Ten-year-old William Wienand has had a tough few years.

After a sudden and long-lasting crisis in 2019, her life changed forever.

At just eight years old, William suffered a series of treatments and misdiagnoses, until his family learned he had focal cortical dysplasia, with onset of epilepsy.

Read more:

Montreal non-profit raises funds to support students with special needs

“Our journey is not over, and I don’t think it ever will be,” said William’s mother-in-law, Stacey Candice Lefort.

“It’s a journey that William is learning to live with and we are learning to live and cope together as a family.”

Since William’s diagnosis, the family has had to change the way they live.

The story continues under the ad

They all spend a lot of time at home, which means William’s room is very important to him.

Read more:

From intern to employee: Neurodiverse students thrive in an aerospace company

So when his mother discovered the Espace Espoir Foundation and the work they do, they immediately applied.

“We renovate, decorate rooms for chronically ill children and disabled children, for ages 2-18,” said founder Andrea Leber.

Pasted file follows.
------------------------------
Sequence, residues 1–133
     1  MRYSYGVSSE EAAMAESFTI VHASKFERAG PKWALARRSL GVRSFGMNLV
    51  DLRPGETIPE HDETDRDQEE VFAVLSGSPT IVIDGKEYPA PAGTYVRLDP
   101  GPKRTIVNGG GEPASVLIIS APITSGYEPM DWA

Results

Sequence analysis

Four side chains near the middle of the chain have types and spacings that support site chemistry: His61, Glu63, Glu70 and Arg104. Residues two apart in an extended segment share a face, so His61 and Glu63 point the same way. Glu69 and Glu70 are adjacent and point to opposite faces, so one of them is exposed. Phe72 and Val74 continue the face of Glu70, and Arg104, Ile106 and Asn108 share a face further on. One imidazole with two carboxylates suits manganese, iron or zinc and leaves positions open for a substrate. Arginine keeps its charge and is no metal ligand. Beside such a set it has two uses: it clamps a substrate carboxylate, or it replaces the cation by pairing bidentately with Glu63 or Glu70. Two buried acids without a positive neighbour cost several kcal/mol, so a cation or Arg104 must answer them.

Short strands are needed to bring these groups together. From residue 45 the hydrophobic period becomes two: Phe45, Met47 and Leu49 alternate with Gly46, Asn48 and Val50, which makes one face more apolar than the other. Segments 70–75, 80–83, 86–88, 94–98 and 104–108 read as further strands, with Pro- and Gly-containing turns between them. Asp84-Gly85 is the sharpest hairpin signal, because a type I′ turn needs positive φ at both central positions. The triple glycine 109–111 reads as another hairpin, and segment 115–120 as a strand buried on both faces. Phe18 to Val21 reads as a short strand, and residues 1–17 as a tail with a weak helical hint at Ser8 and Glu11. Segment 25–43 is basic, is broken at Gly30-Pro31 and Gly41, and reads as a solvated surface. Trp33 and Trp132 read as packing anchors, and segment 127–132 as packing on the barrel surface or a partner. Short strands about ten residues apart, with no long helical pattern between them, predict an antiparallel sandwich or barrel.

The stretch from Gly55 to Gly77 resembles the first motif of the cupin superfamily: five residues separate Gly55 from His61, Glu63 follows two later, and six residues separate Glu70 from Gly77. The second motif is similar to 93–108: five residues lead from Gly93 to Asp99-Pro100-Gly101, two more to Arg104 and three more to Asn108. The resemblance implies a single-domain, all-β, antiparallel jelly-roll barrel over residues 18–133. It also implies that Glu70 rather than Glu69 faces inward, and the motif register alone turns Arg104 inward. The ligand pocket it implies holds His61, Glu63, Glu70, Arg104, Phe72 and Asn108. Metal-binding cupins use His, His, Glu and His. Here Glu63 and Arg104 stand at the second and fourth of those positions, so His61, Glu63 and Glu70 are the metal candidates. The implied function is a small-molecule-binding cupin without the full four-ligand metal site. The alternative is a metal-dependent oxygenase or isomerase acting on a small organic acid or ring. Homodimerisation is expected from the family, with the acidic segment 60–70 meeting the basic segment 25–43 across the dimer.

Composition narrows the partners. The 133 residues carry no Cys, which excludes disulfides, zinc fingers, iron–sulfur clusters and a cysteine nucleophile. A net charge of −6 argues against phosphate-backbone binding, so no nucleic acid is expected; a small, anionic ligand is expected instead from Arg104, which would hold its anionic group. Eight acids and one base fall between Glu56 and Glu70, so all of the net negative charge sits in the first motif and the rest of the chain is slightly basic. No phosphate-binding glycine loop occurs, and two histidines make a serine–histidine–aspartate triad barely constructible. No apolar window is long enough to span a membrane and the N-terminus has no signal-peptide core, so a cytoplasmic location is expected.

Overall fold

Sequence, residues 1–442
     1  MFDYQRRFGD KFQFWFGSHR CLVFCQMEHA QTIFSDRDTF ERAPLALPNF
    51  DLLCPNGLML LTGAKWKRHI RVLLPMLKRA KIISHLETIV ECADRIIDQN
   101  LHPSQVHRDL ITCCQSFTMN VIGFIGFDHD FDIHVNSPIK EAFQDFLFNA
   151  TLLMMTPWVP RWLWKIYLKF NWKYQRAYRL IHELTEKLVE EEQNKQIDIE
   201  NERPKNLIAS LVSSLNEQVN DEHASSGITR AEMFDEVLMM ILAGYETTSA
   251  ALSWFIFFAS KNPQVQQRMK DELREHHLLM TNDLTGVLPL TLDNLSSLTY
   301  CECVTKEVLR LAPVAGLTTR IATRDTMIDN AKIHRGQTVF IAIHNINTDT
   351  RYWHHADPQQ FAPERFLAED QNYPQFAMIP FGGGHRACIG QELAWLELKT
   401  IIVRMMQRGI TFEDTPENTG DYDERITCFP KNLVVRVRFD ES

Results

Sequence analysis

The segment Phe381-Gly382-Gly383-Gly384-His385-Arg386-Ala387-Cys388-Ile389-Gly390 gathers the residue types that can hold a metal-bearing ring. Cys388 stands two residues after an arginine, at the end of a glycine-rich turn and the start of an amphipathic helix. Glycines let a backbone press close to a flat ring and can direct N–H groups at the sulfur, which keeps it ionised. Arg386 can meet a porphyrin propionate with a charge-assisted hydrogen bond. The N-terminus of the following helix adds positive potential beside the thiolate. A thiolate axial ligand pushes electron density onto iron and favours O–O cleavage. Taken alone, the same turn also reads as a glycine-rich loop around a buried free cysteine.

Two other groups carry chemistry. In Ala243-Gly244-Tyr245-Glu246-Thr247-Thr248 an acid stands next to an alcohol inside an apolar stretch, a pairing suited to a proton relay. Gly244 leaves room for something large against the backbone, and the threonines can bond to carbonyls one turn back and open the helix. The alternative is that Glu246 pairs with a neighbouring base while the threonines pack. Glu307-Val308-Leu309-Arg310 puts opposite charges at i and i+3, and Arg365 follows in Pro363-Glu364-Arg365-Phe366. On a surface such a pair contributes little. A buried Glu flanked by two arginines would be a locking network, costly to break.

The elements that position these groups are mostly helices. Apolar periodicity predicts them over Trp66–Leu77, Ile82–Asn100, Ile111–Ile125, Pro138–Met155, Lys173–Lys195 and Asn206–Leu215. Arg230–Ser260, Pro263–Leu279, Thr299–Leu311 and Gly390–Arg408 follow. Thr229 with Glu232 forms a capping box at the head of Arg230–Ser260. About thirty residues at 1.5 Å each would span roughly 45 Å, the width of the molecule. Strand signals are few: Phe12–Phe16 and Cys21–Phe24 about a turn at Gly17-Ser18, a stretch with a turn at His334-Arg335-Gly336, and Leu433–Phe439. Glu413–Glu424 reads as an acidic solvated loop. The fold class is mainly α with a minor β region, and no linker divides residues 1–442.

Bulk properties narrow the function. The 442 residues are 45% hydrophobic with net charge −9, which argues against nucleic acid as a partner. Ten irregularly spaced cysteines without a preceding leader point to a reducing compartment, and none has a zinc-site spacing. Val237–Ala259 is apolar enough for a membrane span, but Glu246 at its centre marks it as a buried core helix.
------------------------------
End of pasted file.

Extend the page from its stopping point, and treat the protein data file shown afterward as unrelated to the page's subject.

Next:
After William’s application was accepted, the Leber team immediately got to work.

They went into the bedroom, removed old furniture, painted, added wallpaper, brought in new decor – and all at no cost to the family.

William’s first look at his new room was pure joy.

Also a little amazed at how many nerf guns he actually has and how nice they look on his new wall.

“I don’t like it, I love it,” he said.

The Leber team, made up of volunteers, took two days to complete the project.

Leber, who founded the organization in 2019, uses connections from his former job in the family painting and decorating business to reach out to painters, carpenters and other professionals, all of whom volunteer their time to work on projects.

The story continues under the ad

Read more:

Foster families with children with disabilities in Quebec receive more help than biological parents

Their goal for William’s bedroom was to minimize inconvenience to him or the family and to make the space comfortable and inviting.

“It’s important to do this for William so he notices how much we care about him no matter what he’s been through or what we’ve been through as a family,” Lefort said. “And that we love him no matter what.”

At first glance, William felt this love very much as he settled into his new room.

Leber says that now that the pandemic is taking hold, she hopes to do at least eight bedroom makeovers a year, so she can pass that feeling on to as many kids as possible.


Click to play the video: 'The foundation renovates the rooms of sick children'







The foundation renovates rooms for sick children


Foundation renovates rooms for sick children – Sep 29, 2020

© 2022 Global News, a division of Corus Entertainment Inc.